-Lanzmann and company drive around Europe in a van resembling a VW bus visiting Chelmno, Auschwitz-Birkenau, Treblinka and other sites. It is white with a thick red racing stripe that runs around the chassis. It reminded me of an ambulance – a documentary ambulance.
-A camouflage unit made up of Jews was charged with taking branches from trees and weaving them around barbed wire to disguise it. This was an important part of making an extermination camp not look like an extermination camp.
-Another example of this includes an ‘infirmary’ with a red and white cross painted on it. In actuality, prisoners who entered this building were led to the edge of a ditch where bodies were continuously burning. They had to strip naked and then sit on the edge of the pit before they were shot in the back of the head. Then they fell in the ditch and burned. This is an example of the point the historian is making when he says ‘invention’. Someone had to invent or think of this in order to create it.
- In the Warsaw ghetto, one often had to step over the dead bodies of fellow Jews as one walked down the street. These dead bodies were Jews who had either starved, contracted disease or were just executed. I may be leaving out another method of execution, so forgive me for that.
- Oftentimes, right outside the ‘funnel’ at Treblinka, as people undressed and realized what was imminent, they would evacuate themselves. In other words, there were five or six rows of shit and feces outside the gas chambers, according to Franz Suchomel, an SS officer. It’s called ‘death panic.’
- Abraham Bomba, a survivor of Treblinka and barber who cut off the hair of Jewish women before they were gassed, is interviewed at his busy barbershop in Israel. He is cutting the hair of a customer during the interview. He describes a barber friend of his whose wife and daughter arrive to have their hair cut at Treblinka. He stops and cannot continue. He is filmed in this silent struggle for what seems like an hour as he tends to his customer. Lanzmann waits, then asks him to go on. Bomba cries, composes himself and eventually goes on. His friend could neither speak nor warn his wife and daughter of what was about to happen because the SS were right behind them and punished any talking with torture or death. In addition, since many of the incoming Jews had no idea what was going to happen, those working in the camp felt it was pointless to tell them they were about to die. I read on Wikipedia that some of this hair was used for make yarn-socks for U-boat crews. So, a German U-boat solider may have casually said to his mate, “My socks are made from the hair of a Jewish woman who was gassed at Treblinka.” Sounds unspeakably awful, doesn’t it?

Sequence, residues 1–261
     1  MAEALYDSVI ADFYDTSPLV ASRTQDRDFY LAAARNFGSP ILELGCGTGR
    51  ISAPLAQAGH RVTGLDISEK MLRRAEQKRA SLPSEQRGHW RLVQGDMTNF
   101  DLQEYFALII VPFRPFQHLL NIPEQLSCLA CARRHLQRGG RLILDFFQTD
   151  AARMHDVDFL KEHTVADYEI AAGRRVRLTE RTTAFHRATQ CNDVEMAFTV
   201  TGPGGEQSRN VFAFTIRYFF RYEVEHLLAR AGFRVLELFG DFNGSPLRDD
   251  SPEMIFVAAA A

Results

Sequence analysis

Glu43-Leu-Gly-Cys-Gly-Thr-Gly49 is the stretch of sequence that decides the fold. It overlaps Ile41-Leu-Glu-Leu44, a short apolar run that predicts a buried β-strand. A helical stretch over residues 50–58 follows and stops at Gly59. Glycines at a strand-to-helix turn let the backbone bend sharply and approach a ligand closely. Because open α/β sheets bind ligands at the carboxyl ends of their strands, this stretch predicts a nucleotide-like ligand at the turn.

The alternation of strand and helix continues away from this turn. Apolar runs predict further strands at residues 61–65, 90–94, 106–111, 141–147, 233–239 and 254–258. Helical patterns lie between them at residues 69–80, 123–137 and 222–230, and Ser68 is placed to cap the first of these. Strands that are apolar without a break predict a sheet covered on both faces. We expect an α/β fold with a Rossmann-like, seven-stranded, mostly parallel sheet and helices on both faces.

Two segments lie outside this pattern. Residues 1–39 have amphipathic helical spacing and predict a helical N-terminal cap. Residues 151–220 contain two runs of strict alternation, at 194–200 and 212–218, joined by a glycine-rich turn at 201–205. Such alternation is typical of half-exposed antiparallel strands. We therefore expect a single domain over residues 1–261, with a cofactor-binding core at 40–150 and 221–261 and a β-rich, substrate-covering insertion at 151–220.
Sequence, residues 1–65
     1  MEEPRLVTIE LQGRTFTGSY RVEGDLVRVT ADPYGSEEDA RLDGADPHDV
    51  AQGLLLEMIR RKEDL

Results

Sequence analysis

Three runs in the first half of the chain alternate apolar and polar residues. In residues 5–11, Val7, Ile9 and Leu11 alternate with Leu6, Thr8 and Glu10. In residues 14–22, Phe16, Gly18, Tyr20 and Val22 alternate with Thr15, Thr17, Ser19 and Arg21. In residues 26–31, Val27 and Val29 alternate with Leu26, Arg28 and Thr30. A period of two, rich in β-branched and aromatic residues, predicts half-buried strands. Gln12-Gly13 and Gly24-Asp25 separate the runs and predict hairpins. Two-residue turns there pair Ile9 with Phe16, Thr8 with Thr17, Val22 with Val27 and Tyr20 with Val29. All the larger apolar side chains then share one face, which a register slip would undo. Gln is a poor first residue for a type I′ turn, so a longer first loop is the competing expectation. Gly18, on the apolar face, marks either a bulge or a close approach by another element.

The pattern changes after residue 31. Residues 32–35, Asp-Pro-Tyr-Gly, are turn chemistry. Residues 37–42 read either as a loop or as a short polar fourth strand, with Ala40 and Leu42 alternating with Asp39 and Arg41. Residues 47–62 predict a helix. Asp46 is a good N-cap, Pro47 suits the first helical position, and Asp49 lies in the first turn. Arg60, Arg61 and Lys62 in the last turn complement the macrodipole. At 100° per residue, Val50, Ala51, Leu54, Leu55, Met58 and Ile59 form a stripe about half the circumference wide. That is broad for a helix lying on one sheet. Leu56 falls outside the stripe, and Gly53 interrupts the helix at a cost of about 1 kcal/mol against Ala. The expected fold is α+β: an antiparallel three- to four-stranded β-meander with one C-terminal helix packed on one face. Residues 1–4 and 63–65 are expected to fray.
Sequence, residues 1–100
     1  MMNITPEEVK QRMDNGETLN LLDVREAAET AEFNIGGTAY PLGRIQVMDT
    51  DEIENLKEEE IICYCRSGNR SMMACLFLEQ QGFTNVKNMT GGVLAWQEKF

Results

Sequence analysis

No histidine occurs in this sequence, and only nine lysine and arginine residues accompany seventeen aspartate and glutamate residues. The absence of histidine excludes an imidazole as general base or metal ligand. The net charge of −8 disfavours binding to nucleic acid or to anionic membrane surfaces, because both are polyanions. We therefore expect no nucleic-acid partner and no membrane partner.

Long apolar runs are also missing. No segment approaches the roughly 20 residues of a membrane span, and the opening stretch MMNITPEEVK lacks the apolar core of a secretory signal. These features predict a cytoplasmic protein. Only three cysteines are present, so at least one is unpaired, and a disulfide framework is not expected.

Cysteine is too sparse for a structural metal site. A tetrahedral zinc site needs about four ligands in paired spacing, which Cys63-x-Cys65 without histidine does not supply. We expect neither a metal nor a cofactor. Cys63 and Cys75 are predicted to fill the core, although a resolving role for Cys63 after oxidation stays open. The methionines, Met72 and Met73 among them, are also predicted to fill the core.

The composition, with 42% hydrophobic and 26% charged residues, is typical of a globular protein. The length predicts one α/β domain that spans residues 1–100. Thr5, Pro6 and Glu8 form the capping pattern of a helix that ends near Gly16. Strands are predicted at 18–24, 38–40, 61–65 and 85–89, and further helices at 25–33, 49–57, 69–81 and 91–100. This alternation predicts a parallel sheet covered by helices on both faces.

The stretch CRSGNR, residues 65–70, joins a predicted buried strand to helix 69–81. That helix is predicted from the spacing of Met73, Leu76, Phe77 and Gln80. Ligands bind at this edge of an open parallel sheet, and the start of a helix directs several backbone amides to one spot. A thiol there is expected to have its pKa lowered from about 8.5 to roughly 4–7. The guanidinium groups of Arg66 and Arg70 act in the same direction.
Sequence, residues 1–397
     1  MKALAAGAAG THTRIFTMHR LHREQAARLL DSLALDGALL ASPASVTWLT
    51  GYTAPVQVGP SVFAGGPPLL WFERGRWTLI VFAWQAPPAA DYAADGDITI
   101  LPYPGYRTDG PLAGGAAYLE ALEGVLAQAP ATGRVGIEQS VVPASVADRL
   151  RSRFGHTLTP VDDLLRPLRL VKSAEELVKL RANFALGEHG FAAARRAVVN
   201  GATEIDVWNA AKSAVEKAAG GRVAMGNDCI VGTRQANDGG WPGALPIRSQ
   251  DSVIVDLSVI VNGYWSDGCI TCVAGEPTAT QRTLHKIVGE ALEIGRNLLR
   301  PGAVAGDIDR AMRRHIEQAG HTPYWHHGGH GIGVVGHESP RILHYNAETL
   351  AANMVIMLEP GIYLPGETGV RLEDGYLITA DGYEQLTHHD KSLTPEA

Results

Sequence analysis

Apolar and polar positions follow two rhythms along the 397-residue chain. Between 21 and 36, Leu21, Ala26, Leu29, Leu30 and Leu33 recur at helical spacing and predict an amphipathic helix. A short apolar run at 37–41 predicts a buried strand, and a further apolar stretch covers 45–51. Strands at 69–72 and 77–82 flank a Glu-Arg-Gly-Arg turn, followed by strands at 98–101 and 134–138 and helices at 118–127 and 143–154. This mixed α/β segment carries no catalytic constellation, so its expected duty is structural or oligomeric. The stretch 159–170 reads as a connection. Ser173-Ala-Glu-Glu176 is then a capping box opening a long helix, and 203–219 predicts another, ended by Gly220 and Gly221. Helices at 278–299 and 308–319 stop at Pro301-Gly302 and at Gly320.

- Claude Lanzmann asks this barber to imitate how he cut the hair of the Jewish women in the camp. The barber complies and demonstrates on one of his customers. This is a good example of the level of detail Lanzmann demands of his subjects.
-There is not a single swastika in the movie. There is one old photograph of a Nazi for a few seconds, so there could be a swastika on his uniform, but that’s the only possibility.
- The historian also describes in vivid detail the cost of running these trains. Someone had to pay for them. It was not free. He describes that when many Jews from Greece were forcibly removed, that in some instances their confiscated belongings and wealth were used to pay for their own transport to the death camps. Yes, some Jews essentially paid for their own voyage to the death camps.
Well, I hope this gives you an idea of what the movie is like. I’m afraid I cannot really do justice to such a landmark ten-hour film in just a short letter. Roger Ebert has a wonderful review of the movie here. The film is currently making the rounds here in the US, so this is the perfect time to book it for a theatrical engagement in Tehran if you have any favorite indie movie houses? Or maybe the Tehran Regal 16 might show it? In the USA, chain movie theaters don’t usually show long movies like that.
The film continues to play at the Gene Siskel Film Center for another week if you can make it up this way. If not, I’ll let you know about other upcoming films that might interest you. What kind of movies do you like? Comedies, indies, documentaries, sci-fi, comic book movies? The Music Box Theatre is showing Death Wish 3 tomorrow night. Do you like Charles Bronson?
P.S. The ticket was $20. Can you reimburse me? They wouldn’t give me a refund.
*Thanks to Script-o-rama for making the film’s transcript available online. Thanks to Wikipedia, too.